Several striking aspects stand out in the exhibition that opens at the Wits Art Museum today, Walter Battiss: I invented myself, The Jack M Ginsberg Collection.
Most obvious is that art collector and philanthropist Jack Ginsberg is donating his personal collection of more than 700 works to the museum. This alone will become a significant influence on Battiss scholarship.
A beautifully produced book that accompanies the exhibition includes not just essays and a catalogue, but a comprehensive reference system for future researchers navigating the collection.
The second attention-grabbing factor is that the curator of the exhibition, Warren Siebrits, an art dealer and Battiss expert who has been instrumental in sourcing important works for Ginsberg’s collection, discovered “a major cache” of 103 letters in the Unisa archive in Pretoria.
“They’re controversial on a certain level, at least in the perceptions of what most people think about Battiss, because they confirm a number of important things, most importantly his bisexuality,” says Siebrits.
Correspondence between Battiss and a younger male lover in London forms the main substance of Siebrits’s 100,000-word essay in the book.
“They give us such a rich, completely new reading of Battiss and his work,” says Siebrits. “They provided so many new insights and made connections for me for the first time.”
Their value for Siebrits is more than the thrill of biographical discovery (and they do contain some surprising revelations).
“They allow Battiss to speak in the first person,” he says. Sceptical of some of the “limbs” and “tangents” art historians go out on, Siebrits sees the biographical approach of the letters as a chance to pursue a less thematic reading of Battiss’s life and work.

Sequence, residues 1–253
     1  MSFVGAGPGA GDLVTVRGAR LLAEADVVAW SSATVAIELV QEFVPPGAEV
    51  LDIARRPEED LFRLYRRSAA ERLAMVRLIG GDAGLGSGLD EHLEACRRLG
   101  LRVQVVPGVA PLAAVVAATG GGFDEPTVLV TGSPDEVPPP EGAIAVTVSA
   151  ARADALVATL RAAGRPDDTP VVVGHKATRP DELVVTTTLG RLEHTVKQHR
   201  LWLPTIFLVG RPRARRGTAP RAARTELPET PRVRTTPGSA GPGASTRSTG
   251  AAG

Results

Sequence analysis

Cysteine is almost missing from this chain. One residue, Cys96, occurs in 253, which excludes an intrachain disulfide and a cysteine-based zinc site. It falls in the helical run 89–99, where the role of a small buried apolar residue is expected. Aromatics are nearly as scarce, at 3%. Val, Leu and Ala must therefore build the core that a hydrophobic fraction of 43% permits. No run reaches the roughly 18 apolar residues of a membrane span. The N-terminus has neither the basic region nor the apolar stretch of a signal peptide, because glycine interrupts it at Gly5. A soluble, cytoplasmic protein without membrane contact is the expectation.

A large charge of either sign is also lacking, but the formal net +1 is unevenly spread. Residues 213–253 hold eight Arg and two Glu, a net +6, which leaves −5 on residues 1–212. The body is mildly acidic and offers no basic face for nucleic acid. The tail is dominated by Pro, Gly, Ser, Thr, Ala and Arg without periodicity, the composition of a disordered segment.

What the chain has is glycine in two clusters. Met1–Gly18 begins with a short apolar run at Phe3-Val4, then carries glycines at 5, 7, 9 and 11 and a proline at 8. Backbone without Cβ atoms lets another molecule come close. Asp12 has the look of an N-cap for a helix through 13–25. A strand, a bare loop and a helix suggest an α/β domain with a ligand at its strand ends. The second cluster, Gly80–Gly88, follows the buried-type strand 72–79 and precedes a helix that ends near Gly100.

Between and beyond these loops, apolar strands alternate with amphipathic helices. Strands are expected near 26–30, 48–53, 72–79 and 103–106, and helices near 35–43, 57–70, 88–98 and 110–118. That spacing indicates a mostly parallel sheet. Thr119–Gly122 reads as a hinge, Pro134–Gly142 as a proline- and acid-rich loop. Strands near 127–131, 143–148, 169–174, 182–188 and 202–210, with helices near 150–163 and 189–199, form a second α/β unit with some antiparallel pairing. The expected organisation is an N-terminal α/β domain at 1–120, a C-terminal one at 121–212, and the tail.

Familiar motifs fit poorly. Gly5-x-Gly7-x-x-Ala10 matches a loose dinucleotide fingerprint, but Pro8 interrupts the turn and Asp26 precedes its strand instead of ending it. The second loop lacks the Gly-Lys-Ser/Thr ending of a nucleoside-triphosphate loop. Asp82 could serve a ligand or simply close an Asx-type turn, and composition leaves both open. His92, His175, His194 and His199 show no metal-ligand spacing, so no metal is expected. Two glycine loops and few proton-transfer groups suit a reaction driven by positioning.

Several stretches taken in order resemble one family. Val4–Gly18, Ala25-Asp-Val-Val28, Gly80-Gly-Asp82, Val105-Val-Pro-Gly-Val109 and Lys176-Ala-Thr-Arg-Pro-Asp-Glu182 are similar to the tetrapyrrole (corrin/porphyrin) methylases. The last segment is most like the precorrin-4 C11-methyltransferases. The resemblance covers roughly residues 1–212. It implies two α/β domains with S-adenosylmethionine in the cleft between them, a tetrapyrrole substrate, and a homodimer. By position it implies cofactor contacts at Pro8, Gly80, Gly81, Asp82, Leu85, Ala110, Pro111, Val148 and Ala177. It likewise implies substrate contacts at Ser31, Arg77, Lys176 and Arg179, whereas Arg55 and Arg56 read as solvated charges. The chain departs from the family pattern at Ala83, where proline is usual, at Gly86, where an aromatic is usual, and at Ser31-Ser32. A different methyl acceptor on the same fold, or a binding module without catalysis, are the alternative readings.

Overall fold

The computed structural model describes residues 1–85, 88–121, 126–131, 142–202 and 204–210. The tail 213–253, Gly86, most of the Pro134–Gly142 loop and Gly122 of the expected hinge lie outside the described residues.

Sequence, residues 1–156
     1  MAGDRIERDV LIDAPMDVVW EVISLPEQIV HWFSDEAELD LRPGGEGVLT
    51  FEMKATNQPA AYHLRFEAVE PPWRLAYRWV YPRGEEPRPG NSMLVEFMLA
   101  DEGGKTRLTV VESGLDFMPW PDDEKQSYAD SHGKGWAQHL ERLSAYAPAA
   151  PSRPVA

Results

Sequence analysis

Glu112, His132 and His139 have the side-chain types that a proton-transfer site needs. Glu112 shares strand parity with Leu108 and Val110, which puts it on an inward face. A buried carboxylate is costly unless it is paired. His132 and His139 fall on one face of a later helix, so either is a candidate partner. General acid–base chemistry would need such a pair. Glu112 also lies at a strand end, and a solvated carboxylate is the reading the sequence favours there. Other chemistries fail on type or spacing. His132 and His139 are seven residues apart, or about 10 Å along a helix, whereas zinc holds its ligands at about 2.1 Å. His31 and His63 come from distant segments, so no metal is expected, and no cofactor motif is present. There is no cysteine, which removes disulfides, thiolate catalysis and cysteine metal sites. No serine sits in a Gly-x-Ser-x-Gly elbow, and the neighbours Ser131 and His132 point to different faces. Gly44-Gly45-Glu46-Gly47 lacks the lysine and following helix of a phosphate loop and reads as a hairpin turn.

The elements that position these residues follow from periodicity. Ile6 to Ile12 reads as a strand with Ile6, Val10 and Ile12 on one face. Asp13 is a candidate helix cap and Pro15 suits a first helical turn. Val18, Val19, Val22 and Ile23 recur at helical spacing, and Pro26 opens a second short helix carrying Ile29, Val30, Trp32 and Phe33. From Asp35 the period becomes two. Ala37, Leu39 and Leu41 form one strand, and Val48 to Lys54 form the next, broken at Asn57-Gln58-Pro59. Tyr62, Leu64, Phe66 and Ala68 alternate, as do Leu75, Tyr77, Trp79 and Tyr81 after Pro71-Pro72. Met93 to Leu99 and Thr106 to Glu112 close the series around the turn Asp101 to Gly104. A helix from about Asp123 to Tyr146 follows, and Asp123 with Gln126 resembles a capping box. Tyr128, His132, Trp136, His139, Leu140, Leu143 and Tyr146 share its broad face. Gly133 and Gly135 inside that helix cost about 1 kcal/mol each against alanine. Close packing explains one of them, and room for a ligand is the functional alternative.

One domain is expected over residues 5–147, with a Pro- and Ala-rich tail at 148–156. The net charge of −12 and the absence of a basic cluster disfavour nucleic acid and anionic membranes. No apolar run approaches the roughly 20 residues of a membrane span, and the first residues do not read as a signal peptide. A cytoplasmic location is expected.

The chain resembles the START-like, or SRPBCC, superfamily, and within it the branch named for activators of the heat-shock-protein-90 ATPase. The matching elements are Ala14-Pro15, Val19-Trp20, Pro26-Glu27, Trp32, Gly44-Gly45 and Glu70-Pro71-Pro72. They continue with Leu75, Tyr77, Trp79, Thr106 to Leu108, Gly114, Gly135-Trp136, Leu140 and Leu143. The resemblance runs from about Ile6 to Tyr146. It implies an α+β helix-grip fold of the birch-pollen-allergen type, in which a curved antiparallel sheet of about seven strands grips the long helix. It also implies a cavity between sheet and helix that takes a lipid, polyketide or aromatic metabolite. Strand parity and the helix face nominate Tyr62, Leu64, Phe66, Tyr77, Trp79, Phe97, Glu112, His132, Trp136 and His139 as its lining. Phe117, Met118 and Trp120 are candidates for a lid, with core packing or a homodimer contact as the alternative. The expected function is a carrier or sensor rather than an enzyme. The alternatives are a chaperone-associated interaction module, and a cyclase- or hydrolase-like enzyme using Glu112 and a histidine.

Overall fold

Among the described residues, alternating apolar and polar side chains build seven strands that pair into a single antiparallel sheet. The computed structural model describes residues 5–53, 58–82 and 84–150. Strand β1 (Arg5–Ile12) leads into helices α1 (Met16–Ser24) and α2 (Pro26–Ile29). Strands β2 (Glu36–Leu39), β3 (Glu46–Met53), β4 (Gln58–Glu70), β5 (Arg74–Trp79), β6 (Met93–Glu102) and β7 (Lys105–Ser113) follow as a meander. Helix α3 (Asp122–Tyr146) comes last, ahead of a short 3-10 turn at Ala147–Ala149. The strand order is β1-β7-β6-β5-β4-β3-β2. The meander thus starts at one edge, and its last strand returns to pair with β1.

Battiss is undoubtedly one of South Africa’s most loved artists, and his works are highly collectable. At the same time, he’s become a rather cuddly figure. But the friendly, harmless “Gentle Anarchist” that was presented at the Standard Bank Gallery exhibition a few years back is not the Battiss that Siebrits wants to represent.
So, the third major difference between this exhibition and those in the past, is that it is arranged chronologically and not thematically.
Siebrits refers to thematic arrangements as “amorphous blobs”. He doesn’t believe they do justice to Battiss’s remarkable capabilities as an artist. “Once you’ve put [a work] into the thematic group, how do you show its unique quality?” he asks.
Siebrits believes the chronological arrangement allows viewers to see how Battiss, unlike most other South African artists who work through clear phases, “revisits styles and pictorial idioms” throughout his career. You can also see the range of the work Battiss produced simultaneously – prints and silkscreens, pop art, oils, performance and conceptual art, and watercolours.
This arrangement demonstrates Battiss’s remarkable talents, but also humanises him. “Even for someone as great as Battiss, you want to demystify things,” says Siebrits.
The exhibition runs at Wits Art Museum, Johannesburg, until October 9